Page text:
19 November 2009

In Black and White Stone: Calçada Portuguesa

Comprised of small black basalt and white limestone cobbles Calçada Portuguesa, or Portuguese pavement can be found throughout Portugal’s plazas and walkways. The mosaics often reflect their maritime history with stylized ships, waves and sea creatures. Originating in the Middle East and brought to ancient Greece and Rome, the craft was exported beyond Portugal’s mainland. In the Azorean archipelago, the volcanic islands were rich with basalt but limestone had to be imported. This resulted in a black field with white pattern whereas on the mainland it was reversed. Examples of Calçada Portuguesa can also be found in the former colonies such as Brazil and Macau. The future of the art and existing mosaics is uncertain as very few calceteiros or craftsmen are left and materials are scarce.


  1. Dear Kendra,

    I really like the photograph of the "Calcada a Portuguesa" with the black high hills. I am finalizing the publication of a manuscript called "La Belle de Porto" (The Porto Beauty). It is a series of 10 love stories each told by a different woman. I found your image which could be a great fit for the cover. Would you consider letting me use it? I would mention your name on the cover of course. Please let me know. Kind regards, Vanessa Barros Jones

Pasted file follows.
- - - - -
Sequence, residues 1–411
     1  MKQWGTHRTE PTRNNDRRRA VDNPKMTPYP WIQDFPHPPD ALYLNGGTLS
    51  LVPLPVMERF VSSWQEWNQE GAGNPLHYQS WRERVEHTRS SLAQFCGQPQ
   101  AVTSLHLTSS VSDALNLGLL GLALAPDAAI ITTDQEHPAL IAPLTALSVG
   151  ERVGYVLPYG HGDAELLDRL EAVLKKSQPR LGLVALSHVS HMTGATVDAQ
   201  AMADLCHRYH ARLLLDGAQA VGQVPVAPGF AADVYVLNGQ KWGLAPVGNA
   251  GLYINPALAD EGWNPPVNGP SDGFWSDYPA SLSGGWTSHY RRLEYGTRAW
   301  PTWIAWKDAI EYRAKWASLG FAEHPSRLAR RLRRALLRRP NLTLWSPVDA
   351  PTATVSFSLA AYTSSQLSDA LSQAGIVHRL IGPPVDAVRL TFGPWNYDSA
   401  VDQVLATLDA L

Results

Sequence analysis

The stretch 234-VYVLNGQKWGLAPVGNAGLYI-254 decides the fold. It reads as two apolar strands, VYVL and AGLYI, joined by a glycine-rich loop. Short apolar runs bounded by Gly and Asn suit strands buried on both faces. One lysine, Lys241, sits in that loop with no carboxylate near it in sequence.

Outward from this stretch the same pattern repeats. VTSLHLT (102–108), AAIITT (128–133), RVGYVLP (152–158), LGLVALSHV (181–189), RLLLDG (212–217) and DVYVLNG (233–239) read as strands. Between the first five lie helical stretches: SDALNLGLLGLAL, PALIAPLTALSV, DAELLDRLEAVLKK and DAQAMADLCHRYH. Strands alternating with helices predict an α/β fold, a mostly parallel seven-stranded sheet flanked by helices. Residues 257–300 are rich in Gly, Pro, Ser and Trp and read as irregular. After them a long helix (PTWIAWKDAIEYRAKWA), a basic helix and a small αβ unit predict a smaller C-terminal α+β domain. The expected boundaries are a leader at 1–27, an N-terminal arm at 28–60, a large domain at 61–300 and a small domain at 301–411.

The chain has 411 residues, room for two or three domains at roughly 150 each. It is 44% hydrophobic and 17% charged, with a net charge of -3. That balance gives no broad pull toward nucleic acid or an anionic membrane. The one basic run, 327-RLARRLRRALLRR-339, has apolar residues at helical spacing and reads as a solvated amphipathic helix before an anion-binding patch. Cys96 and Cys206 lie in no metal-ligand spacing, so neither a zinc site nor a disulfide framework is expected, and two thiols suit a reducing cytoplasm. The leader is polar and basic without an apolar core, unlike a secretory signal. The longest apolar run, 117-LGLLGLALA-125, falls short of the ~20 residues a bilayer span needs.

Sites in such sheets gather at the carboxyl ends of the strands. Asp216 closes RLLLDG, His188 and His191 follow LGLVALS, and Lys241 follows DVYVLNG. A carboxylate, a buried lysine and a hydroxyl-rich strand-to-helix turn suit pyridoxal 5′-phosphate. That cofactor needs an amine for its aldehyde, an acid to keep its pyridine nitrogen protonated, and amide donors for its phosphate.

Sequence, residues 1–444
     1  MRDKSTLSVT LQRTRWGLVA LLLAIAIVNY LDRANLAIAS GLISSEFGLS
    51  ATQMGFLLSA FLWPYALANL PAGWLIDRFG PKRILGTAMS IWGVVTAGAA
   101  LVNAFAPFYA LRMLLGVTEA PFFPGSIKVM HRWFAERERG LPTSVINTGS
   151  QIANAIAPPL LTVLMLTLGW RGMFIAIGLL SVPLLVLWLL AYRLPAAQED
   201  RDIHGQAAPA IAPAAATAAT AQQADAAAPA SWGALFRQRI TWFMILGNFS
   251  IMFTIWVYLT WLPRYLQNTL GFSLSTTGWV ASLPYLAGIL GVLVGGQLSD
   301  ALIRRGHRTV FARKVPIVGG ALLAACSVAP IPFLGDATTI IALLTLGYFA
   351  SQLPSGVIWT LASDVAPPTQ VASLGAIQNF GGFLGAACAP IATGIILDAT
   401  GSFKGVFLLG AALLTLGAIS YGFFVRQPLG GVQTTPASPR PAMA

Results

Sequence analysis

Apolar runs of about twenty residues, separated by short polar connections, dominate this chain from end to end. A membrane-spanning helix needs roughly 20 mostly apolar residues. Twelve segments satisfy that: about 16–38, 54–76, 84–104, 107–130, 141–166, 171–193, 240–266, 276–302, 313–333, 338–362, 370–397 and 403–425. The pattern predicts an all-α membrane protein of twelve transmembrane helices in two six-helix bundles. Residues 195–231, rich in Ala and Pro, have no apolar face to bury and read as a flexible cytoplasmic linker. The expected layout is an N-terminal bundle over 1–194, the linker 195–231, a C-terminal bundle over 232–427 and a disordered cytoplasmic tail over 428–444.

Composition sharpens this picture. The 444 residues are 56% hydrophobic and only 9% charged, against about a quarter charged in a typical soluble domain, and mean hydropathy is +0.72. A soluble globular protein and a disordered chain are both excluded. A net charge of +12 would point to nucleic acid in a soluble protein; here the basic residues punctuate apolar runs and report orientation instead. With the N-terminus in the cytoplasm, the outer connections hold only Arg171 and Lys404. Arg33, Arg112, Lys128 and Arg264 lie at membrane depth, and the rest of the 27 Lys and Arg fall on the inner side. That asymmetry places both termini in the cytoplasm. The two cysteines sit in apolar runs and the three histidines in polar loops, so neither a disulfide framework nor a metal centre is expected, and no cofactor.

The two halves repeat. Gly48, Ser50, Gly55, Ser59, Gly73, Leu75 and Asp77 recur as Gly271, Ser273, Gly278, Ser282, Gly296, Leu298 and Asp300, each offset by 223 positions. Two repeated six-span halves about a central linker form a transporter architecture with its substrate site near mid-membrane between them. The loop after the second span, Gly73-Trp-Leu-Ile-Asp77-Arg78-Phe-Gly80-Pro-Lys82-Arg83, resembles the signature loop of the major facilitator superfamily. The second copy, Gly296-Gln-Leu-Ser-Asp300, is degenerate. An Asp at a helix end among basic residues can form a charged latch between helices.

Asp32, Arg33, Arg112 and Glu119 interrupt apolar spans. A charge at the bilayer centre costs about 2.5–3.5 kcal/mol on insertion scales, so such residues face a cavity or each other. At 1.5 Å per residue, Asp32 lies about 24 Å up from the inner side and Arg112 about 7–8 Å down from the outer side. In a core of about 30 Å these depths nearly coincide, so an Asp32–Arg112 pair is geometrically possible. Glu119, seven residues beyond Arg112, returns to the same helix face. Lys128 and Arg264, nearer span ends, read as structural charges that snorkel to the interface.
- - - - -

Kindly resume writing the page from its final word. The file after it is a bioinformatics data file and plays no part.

2. Hi Vanessa,

    I'm sorry I am just seeing your comment. What an exciting project! Unfortunately I can not find where I got that image from I usually took them from Wikimedia but now I can not find it. I am always careful to use photos that are not restricted. Best, Kendra

  3. Hello Vanessa & Kendra you can do a reverse image search using TinEye or Google. I'll come back in a moment with a bit more info! :)

  4. TinEye Reverse Image Search:
    and found no results there. So then I did a reverse image search on google. Here's how to do it yourself:
    once you upload the image url and get the results click on the all sizes and you get copies (with links... just lick on the pictures) of all instances of the image... here are the results I found:

  5. And Kendra, I just watched a very interesting programme about Calcada Portugesa and went to google it .... thanks for the very interesting article! I'd love to be able to do something like this for our patio in our garden here in London! :)


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